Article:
Back in October I submitted a bug to Connect regarding the Process Editor and the fact that it makes background changes to the WIT xml files without notifying the user. Yesterday Microsoft posted a reply that this will be fixed in the next version of TFS Power Tools. When the next version will be released is not known, but February and Q1 2011 has been mentioned. I can’t wait, it is going to save me some serious headaches when editing work items!
Nokia will use WP7 as their primary smart phone platform. I wonder if they’ll start to use other Microsoft platforms/products as well… Visual Studio and TFS seems like a logical choice for development and application lifecycle management
All SSRS reports you get out of the box with TFS 2010 are trend reports and they don’t show any details. I was recently asked to build a custom report listing all test cases in a test plan and for each test case every step should be listed with action, expected result ant test outcome. Basically the same kind of info you can get for a single test case when you view the test results in Microsoft Test Manager 2010. This turned out to be quite a bit trickier than expected but after getting some much needed info from a developer at Microsoft (thank you Sriram) I was able to get it all together.
Getting test steps and results from Tfs_DefaultCollection
Test steps are stored as XML and are found in table WorkItemLongTexts. You can use this query to get them.
declare @fldIdSteps int = (Select top 1 fldid from Fields where ReferenceName = ‘Microsoft.VSTS.TCM.Steps’)
select * from WorkItemLongTexts where FldID = @fldIdSteps
Test results for each step are found in table tbl_TestActionResult. You can use this query to get them.
select * from tbl_TestActionResult
Now, you’ll notice there are a couple of issues popping up. You’ll need to join a XML result with a table result, there might be several revisions of the test steps and there are probably many results saved for each and every test case. But most of all, there is no obvious way to link steps to results. Every test step has an ID but tbl_TestActionResult does not contain a “test step ID” column.
This is where the column ActionPath in tbl_TestActionResult comes in. This column will typically contain an empty string, 8 chars string or 16 chars string. For a specific test result in a test run there will be one line with the empty string (this line is the over all test result) and then one line for each step, containing 8 or 16 chars. These ActionPath chars are hierarchical hexadecimal representations of test step ids. The first 8 chars is the step id and the next 8 chars (if they exist) is a shared step id.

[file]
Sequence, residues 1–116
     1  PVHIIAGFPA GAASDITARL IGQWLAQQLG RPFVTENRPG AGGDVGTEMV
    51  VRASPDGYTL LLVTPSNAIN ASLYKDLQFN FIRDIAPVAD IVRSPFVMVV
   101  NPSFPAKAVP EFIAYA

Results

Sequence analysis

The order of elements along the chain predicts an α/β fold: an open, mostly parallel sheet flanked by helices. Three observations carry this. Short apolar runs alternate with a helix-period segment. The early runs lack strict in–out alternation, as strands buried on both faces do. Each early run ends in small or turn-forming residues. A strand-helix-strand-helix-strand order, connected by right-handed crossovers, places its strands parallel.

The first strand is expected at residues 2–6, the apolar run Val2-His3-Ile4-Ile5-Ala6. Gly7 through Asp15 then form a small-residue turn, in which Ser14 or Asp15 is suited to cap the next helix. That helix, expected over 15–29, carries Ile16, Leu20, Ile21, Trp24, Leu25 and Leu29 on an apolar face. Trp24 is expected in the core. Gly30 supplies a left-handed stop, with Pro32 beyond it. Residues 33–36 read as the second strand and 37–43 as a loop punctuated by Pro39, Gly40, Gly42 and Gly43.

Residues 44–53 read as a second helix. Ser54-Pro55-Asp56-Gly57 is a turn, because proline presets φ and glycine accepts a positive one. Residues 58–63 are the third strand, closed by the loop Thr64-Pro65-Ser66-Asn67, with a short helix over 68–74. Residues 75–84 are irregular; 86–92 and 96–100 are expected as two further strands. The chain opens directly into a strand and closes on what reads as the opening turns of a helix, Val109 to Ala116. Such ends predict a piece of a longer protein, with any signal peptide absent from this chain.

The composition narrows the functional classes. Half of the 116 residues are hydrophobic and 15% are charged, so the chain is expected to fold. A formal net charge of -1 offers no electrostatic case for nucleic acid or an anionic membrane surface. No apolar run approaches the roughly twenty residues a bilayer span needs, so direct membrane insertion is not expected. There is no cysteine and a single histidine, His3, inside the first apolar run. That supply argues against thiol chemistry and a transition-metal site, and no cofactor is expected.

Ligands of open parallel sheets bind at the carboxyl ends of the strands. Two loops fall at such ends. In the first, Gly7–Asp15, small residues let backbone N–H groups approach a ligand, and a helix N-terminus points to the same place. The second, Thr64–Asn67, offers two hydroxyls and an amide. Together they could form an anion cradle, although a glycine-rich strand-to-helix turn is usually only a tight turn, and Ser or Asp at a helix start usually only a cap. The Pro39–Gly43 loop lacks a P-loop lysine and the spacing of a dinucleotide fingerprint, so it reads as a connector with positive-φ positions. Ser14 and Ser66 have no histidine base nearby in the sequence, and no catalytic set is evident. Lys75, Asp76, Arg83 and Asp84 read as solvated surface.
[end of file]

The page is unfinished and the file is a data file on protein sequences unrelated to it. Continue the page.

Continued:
And now you have the knowledge needed to pair up test results with corresponding test steps!
Some issues to consider…
There are a few more issues you’ll have to tackle as well.
- Step ID != Sequence number. The test step id is not the same as the numbers you see when viewing a test case in a GUI. The numbers you see in the GUI are generated in the GUI to clarify the step sequence. The step id is never shown and the sequence number is not stored in the database. You’ll have to rely on the order of the <step> elements in the XML to figure out the step sequence.
- Revisions and result. There can be several revisions of the test steps stored in table WorkItemLongTexts and there can be several test results stored for each revision. You’ll have to compare timestamps for revisions and results when joining them to avoid errors.
- Performance. The Database Tfs_DefaultCollection is the production database and you should always take performance hits into consideration before deploying reports that read directly from your production database.
When I first tried to figure out how this all worked I put a question up at the MSDN forums. For SQL and code samples you can go to my post on MSDN and get some more details.
I’ve built a couple of custom reports for a client, and in doing so I’ve been forced to dive deep into the TFS 2010 database, which sometimes leads to interesting findings.
This time I found a strange approach to Areas and Iterations. For all work items areas and iterations are stored in the table xxTree. But then there are two other tables named tbl_Areas and tbl_Iterations, and they also contain all areas and iterations. But without all the other stuff found in xxTree. Now, one might be tempted to believe that these tables are somehow connected and perhaps contain a foreign key pointing to the xxTree table. But no… As far as I can tell, xxTree is for work items while tbl_Areas and tbl_Iterations is used by MTM2010 for mapping test plans to areas and iterations.
So for anyone writing queries using these tables, make sure you use the right ones or you will end up with some very strange results.
Encountered a stupid error message yesterday. Had a TFS 2010 instance where reporting services had been disabled. When trying to enable it again we got an error message saying “Object reference not set to an instance of an object”. SQL instance was correct, database names (Tfs_Warehouse and Tfs_Analysis) were correct and I had a valid username and password for the TFSService account. However, as the original installation was done properly, using the TFSReports account for reporting services, we got this error message when trying to re-enable reporting services.
Now, even though the error was “correct”, I would have appreciated an error message that was a little bit more informative…
Yesterday at the PDC keynote it was announced that a CTP of TFS on Windows Azure will be avilable in early 2011. From what I’ve seen soo far this looks really interesting. All the new Azure stuff should provide som very interesting benefits. I’m envisioning a really simple way to handle virtual machines for Lab Management, build servers, load test etc. And no more worries about single or multi server deployment. Cant wait to hear more about this!